This shoe repair tutorial by Frugal Upstate shows how to reglue the top of your boot to the sole.
If all fails, you could always take your boots to a shoe repair store.
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A little part of shoes collection of our great client from Canada: Mr. A.L. Would you like to become one of our customers? For any question: firstname.lastname@example.org
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Gonna share a quick little shoe-saving life hack with you...
So I have a beloved pair of shoes. I got them secondhand, and they used to squeak every time I took a step, but once we got that little problem out, I loved them. They’re skater shoes, and I have the laces loosened just how I like them, and they’re the most comfortable shoes I own.
I nearly had to throw them away a couple years ago, because on the inside where my heel rubbed against the back of the shoe, the fabric had all worn away and gone all ragged, exposing the rubbery inside stuff.
I was cranky about it, until I decided that shoddy shoemaking wasn’t going to stop me from enjoying my favorite shoes. I considered slapping duct tape on it, until I remembered I had some moleskin for blisters lying around.
This stuff, right here. I got that box on Amazon for... maybe eight bucks, and it got me a big roll of it, but you can also get it as a single sheet about the size of your hand. Anyway, you stick the moleskin on your skin wherever you’ve got a sore spot, and it cuts down on the friction that can lead to blisters. And it sticks really well, so I figured it would at least buy me a little time with my favorite shoes.
You know what it bought me? Three years.
That grayish-tan patch there is some moleskin I stuck on there as I was going out the door, and it’s been there ever since. It worked perfectly, and I’ve never once had to replace it. When my other shoe had the same problem, I slapped some moleskin on it, and went on with my life in my comfy shoes.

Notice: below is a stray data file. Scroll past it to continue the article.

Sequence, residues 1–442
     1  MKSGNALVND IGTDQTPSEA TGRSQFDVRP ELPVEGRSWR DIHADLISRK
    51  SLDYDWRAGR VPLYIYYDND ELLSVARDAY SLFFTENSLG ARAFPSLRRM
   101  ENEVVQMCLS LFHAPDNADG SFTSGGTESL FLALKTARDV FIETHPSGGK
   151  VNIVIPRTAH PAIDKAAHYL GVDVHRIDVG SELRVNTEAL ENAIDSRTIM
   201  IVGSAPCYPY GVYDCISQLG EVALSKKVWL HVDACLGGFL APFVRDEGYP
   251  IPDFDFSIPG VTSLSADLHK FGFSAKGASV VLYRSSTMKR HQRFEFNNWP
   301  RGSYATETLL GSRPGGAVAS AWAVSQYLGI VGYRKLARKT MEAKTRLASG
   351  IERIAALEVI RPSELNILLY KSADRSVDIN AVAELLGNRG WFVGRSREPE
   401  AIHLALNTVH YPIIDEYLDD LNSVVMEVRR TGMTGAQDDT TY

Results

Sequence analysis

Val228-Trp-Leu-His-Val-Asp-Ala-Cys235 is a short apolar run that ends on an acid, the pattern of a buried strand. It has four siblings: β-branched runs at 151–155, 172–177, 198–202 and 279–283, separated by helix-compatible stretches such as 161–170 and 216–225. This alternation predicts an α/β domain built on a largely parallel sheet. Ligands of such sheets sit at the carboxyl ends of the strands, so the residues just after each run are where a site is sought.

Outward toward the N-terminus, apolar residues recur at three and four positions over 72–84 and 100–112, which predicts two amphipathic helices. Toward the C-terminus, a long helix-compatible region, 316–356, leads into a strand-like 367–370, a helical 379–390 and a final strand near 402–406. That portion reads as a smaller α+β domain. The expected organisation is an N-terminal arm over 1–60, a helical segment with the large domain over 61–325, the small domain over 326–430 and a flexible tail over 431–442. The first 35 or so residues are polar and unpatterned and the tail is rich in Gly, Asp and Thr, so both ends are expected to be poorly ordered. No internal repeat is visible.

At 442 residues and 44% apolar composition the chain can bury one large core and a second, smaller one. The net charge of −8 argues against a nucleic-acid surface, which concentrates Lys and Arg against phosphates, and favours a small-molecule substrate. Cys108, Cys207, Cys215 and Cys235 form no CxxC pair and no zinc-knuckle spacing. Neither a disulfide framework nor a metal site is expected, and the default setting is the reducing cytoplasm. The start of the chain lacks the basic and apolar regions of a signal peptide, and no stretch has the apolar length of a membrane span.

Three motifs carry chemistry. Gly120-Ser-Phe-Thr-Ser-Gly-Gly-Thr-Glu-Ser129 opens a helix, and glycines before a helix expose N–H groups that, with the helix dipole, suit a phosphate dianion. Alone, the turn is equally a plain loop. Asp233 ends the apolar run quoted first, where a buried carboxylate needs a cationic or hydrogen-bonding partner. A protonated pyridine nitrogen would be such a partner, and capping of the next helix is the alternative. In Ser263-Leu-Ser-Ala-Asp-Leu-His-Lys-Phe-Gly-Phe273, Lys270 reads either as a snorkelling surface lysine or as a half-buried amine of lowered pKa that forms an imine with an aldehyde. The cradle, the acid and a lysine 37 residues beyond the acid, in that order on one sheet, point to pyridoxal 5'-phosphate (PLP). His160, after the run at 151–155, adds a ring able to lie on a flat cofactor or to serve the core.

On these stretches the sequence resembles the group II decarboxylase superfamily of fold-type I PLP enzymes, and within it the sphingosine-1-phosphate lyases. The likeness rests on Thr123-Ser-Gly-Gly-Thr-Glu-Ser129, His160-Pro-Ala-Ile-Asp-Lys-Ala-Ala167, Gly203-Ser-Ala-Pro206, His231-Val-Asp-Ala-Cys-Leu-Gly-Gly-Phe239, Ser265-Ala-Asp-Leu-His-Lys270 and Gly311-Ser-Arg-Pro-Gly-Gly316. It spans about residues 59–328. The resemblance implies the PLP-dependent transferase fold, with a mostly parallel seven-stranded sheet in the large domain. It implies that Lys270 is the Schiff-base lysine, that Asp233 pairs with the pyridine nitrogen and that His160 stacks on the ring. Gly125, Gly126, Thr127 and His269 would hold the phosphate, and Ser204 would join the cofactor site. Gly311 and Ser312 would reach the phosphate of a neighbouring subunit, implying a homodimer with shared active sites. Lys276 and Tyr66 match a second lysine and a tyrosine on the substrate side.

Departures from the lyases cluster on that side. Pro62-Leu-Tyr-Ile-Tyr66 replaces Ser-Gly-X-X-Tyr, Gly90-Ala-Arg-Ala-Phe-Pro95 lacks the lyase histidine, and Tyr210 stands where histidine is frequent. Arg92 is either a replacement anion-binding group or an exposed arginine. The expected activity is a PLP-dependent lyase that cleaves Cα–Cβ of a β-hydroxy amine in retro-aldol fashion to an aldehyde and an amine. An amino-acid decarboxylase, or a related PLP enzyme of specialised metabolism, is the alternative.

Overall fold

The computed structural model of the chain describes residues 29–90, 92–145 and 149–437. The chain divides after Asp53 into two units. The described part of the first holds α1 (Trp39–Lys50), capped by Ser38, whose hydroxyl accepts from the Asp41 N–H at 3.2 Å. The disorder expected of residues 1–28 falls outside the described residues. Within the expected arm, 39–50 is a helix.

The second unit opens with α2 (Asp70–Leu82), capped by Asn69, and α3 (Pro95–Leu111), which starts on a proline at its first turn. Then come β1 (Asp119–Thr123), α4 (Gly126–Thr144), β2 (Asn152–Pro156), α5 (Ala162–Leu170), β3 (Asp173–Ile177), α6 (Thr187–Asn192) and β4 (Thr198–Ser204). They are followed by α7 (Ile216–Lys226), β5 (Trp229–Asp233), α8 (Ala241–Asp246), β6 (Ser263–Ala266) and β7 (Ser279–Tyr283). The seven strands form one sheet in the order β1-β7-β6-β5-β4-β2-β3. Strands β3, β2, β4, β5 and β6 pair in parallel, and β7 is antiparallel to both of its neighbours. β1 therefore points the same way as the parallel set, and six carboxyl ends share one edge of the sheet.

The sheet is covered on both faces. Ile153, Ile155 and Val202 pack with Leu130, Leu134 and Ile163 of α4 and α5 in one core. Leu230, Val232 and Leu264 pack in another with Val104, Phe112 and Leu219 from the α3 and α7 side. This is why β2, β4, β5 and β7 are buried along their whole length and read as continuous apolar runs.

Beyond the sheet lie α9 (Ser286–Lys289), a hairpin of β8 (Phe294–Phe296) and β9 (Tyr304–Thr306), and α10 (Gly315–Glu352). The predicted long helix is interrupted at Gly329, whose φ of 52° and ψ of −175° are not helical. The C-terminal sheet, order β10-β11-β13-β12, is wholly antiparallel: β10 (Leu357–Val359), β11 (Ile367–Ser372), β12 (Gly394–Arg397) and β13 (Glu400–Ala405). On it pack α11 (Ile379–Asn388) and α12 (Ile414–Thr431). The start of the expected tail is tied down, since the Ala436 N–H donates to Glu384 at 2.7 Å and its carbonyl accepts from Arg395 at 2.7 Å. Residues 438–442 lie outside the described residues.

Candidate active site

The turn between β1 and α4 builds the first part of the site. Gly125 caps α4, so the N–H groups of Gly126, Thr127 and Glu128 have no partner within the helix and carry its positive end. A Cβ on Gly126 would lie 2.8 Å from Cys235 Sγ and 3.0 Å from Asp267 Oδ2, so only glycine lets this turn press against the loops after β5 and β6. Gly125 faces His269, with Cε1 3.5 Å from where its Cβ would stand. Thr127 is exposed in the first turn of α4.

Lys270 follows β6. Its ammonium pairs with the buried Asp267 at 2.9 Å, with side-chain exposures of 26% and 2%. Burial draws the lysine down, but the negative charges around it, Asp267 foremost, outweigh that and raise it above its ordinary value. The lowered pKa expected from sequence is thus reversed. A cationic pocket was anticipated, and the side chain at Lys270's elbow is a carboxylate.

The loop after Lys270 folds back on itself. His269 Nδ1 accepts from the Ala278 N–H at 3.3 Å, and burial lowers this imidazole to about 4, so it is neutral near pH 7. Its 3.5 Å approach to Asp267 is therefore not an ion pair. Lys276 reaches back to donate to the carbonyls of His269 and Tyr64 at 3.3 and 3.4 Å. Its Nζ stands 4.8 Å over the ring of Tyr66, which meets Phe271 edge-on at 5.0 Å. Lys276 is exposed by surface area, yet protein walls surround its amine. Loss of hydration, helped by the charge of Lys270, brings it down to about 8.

I also did this when a pair of shoes I just got from my internet friend (they’re GORGEOUS, Adra painted them for me, and I’d tag her but I really don’t think she wants to be permanently linked to my shoe repair post....) misbehaved. The thin fabric lining on the bottom of the shoe peeled right out, exposing the glue that was supposed to be keeping the lining in there. MOLESKIN TO THE RESCUE!
Shoe functionality restored, glue no longer sticking to my foot and driving me BAT CRAP CRAZY!
Now, this life hack isn’t pretty, obviously. But this is a blog where we embrace tacky solutions and illogical attachments to secondhand shoes.
So get out there and save your shoes, my loves! Don’t let poor workmanship get you down!
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Shoe Repair (Black Cat).
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I love my shoes too much to get rid of them simply because I've worn holes into the heels. I've worn these all throughout highschool and am still planning to do so as an adult. Further learning the importance of being able to repurpose things and reducing consumption inspired be to buy some round sewing needles and see what good I could do. After many days of work 1 shoe is finally done! On to the next!
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UK friends, preferably Wales, can you help a gal out and recommend a good cobbler/professional for Louboutin repairs?
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Shoe repair, Madison St., Lower East Side between the Manhattan and Williamsburg Bridges, ca. 1940s.
Photo: Rebecca Lepkoff
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Zapatería Mazatlán Sinaloa México